Fourteen years ago, the children’s home received a call from a secretary at a local church. She said she knew of a 17-year-old boy in her daughter’s class who was homeless. The boy’s father had thrown him out of the house, because his new girlfriend did not “like” him.
The boy visited the children’s home and knew it was right for him, but his father refused to sign the admissions paperwork. The woman kept the boy for a few months, but with church secretary wages, it was a financial strain. This boy’s name was Kenny Henry, and on his 18th birthday, he signed himself into the children’s home.
When staff took Kenny to his father’s house to collect his belongings, Kenny was saddened, but not surprised, at what he saw. “My stuff was in black trash bags in the driveway,” Kenny said. “I walked in and told my father that I signed myself into the children’s home, but he didn’t care. He and his girlfriend told me I was useless and would never amount to anything. He never came looking for me.”
Upon moving to the children’s home as a high school junior, Kenny had one goal: to prove his father wrong by graduating and making a life for himself. “I didn’t have to worry where I was going to sleep at night or what I was going to eat,” Kenny said. “The staff invested everything they had in me. Their sole purpose was to help me grow and break the chain.”
Kenny improved his grades at the children’s home, thanks to personalized academic tutoring, and graduated from high school. He then decided to serve his country in the military. “I wanted to be an upstanding and contributing member of society, and I didn’t want to let anyone at the home down. They put so much into me,” he said.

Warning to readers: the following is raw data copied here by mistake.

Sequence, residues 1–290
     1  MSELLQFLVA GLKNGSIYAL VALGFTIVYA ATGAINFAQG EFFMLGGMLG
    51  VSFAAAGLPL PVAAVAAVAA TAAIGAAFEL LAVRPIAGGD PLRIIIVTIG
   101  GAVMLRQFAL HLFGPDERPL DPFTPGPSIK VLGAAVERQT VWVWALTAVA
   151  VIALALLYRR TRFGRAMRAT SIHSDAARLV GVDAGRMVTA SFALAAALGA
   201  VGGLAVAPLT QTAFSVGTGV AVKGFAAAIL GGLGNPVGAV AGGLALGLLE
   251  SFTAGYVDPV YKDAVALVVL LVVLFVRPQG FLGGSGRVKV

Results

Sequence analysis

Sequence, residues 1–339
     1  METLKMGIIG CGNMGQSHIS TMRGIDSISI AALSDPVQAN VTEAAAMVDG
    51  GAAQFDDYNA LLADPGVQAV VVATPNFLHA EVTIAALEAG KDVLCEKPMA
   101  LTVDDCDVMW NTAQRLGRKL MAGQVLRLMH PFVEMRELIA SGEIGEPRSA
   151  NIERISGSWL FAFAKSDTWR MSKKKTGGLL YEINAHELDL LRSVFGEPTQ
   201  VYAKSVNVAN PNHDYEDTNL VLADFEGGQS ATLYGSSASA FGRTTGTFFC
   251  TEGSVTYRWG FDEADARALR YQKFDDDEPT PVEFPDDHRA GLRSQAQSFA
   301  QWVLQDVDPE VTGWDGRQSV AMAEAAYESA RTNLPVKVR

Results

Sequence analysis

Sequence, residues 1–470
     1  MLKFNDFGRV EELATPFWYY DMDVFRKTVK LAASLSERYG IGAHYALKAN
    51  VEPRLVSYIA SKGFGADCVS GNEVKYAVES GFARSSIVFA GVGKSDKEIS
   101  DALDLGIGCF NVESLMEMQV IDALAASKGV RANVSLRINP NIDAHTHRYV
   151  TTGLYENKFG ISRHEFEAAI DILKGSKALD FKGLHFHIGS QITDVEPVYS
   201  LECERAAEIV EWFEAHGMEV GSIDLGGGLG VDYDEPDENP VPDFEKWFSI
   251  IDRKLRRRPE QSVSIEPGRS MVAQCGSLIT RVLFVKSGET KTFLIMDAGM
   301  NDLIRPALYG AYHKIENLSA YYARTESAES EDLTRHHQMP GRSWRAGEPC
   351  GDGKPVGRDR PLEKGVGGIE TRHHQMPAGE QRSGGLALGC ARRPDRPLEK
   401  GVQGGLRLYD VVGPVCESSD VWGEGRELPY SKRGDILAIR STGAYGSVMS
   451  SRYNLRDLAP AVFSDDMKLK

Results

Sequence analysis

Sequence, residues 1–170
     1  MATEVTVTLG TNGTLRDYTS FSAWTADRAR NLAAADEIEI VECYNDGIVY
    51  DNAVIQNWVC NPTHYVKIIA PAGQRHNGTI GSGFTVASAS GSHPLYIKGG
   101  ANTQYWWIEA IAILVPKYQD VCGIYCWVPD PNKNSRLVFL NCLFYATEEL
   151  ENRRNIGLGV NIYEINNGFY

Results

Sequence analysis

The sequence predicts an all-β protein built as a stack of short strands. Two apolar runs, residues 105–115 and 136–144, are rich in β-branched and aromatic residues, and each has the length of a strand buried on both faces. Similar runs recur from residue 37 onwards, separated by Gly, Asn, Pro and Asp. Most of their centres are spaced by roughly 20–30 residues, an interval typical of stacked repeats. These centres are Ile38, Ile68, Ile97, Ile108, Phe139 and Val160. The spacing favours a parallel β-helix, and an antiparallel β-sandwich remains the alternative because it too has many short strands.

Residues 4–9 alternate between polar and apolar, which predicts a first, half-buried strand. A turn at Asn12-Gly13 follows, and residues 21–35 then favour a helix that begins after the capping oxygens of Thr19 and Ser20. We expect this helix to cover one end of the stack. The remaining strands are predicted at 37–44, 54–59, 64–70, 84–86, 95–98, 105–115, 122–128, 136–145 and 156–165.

Kenny served in the U.S. Army for more than six years. He was deployed twice to serve in the Middle East. After arriving home from a tour in Iraq, Kenny came back to our campus dressed in his military uniform. On this day, more than 300 members of his children’s home family and Masonic brothers were waiting to greet him and let him know he was loved.
“The home gave me a foundation for the rest of my life,” Kenny said. “You come from a terrible place, and they help wash that part of your life away. It felt good to know that everyone still cared for me. To see that I made that big of an impact on other people was heartwarming.”
In 2012, Kenny was medically retired from the Army after experiencing an injury while deployed. He now works as a natural gas construction worker to support his wife and their son, Carter.
Carter is about to turn 2 years old, and Kenny has already made the choice to be a better father than his own.
“I used to use humor to mask things that happened in my childhood before I learned that you can’t let a situation define you,” Kenny recalls. “You define the situation. The home and its donors gave me a moral compass to live by, and that’s what I want to teach my son.”
Kenny often thinks about the direction his life would have taken, if not for the children’s home. “I could have made a lot of bad choices – drinking or drugs,” he says. “Even though I didn’t choose those things, I don’t think I’m successful yet. Success to me means you’ve made it. I will always have work to do.”
Part of that work is teaching his son how to treat other people and make good choices. “I am not my dad. I will give my son everything he needs,” he says.
Fourteen years ago, donors and staff changed the life of an 18-year-old boy who found himself at a crossroad. Those donors are staff are now affecting the life of little 2-year-old Carter. The love and support at the children’s home reaches multiple generations, giving children a chance to break the cycle and become the parents they’ve always wished they had.
Pictured is Kenny with his wife, Alisha; son, Carter; Joseph Murphy, CEO of Masonic Villages; and Mark Kurzenknabe, assistant director of the Masonic Children’s Home. Kenny credits Joseph and Mark for being instrumental in his success at the Masonic Children’s Home 14 years ago.